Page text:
A pink taxi

A pink taxi

March 26, 2011

How I Began to Write

I don't call myself a writer. I am an appreciator or a commentator, not even a journalist. I did manage to write masters' and Phd dissertation but that is academic work. I never took creative writing as taught in the American universities.

I can write comfortably in the two out of four languages that I speak. I can write in English or French interchangeably. The way my father writes in Arabic or English or Atiq Rahimi writes novels in Farsi or French. I believe Nabokov did the same in Russian and English.

Who remembers his elementary school essays? Write about your dream house, if you were on a desert island, imagine the year 2000. I remember dreaming of rooms full of Monets, placing my high school crush on the desert island with me and imagining a year 2000 that isn't a far cry from super-modern Dubai.

At the age of 12, I imagined myself as the Arab Anne Frank and I composed a little novel entitled "12-13", whose manuscript is lost today, somewhere between photos and memorabilia.
When I went to boarding school my mom recommended I write a diary and fountain pen in hand, I held a diary past boarding school, into graduate school, till I met my future husband. The day I met him, I abandoned my diary. I had perhaps found myself at last.

When I changed educational systems, shifting from French to English, I was told that writing differed in the two cultural paradigms. I had to move away from elaborate and long paragraphs to simple and concise paragraphs. At Smith College, we were lucky to have "writing assistants". These talented teacher assistants accepted our papers for corrections. They didn't correct spelling or factual mistakes but rather wording, sentence structure and composition. I would drop my paper off with at least 4 correctors and take in all their input. During my three years there, I worked on my writing, except for the papers that counted for my major which were written in Spanish!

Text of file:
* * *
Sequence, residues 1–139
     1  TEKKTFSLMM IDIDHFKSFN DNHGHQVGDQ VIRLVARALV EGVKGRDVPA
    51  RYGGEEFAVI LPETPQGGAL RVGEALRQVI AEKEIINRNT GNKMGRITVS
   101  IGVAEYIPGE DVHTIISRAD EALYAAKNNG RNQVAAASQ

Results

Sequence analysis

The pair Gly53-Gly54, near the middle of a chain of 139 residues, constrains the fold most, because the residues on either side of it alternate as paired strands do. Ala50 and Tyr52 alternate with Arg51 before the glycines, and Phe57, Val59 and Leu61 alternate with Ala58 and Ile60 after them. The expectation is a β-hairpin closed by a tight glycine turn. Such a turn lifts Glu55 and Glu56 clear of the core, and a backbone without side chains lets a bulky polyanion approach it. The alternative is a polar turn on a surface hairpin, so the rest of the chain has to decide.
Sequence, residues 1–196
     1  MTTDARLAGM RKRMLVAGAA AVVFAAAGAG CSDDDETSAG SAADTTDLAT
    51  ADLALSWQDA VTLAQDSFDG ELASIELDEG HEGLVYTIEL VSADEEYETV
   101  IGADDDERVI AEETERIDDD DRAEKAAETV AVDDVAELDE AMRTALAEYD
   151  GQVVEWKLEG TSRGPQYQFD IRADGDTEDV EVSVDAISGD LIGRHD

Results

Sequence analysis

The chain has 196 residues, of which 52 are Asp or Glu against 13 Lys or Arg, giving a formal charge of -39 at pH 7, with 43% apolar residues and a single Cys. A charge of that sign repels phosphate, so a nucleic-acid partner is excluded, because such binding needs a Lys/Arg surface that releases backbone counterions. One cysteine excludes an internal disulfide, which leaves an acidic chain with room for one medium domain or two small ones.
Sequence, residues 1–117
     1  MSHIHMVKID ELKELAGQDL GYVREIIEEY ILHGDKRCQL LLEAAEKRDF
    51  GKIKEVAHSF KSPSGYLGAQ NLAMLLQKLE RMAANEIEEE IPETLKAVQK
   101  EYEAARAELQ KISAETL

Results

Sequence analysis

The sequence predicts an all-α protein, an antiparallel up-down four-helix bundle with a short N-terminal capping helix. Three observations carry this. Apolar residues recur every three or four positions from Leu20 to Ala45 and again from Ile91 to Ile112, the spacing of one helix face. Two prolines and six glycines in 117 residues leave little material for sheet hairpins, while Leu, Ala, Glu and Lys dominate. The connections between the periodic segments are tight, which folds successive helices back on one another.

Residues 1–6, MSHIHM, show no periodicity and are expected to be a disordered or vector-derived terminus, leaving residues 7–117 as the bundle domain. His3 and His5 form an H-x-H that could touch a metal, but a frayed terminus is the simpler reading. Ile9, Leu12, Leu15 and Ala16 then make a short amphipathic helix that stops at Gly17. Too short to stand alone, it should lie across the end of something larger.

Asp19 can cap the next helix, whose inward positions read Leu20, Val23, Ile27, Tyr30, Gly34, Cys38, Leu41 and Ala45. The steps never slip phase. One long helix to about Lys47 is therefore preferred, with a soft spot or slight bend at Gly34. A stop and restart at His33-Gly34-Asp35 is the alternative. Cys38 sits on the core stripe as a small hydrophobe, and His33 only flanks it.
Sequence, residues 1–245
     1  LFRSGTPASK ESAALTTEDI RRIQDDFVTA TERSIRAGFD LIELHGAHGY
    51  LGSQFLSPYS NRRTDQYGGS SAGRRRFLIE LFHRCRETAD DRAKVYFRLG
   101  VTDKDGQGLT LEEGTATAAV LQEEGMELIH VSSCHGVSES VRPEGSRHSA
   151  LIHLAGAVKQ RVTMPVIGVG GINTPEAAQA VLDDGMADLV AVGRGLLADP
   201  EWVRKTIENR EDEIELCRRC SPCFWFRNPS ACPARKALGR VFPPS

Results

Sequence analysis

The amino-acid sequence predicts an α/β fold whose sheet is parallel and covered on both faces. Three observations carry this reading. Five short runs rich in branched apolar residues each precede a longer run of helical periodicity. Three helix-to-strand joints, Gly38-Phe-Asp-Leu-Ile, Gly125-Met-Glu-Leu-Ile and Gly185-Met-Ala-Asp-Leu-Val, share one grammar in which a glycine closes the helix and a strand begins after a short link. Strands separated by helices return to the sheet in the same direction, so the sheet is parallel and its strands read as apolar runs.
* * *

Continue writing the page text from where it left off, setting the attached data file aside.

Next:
I believe writers are readers. The more you read the better your writing. I also believe that the more you write the better it becomes. You develop a style. A writer needs that unique style that would propel his work to the level of art. The style is usually innate because the poetry or lack of is within him or her, the mind twists, the creativity, the imagination...the capacity to synthetize experience into words.


1 comment:

  1. The first thing a child faces at an Arab school is how to write "Insha'a" or composition.The first hurdle one faces at an English school is how to master a Precis which is basically the art of making a long story short.Finally,the first problem you face in American universities is how to regularly write papers,to be followed by a thesis at graduate level,and a dissertation at a post graduate level.
    One of my children wanted to major in creative writing and I changed history by convincing her that as a woman she needed to have a profession,so she ended up as a retired lawyer.My other child wanted to do comparative literature at Columbia with the best Arab writer of his days,the late Edward Said.She ended up as home maker with a rusted PhD in International law and Diplomacy.
    Playing God while trying to guide your children's future in what profession to follow,is high risk.I hope the result has been high reward.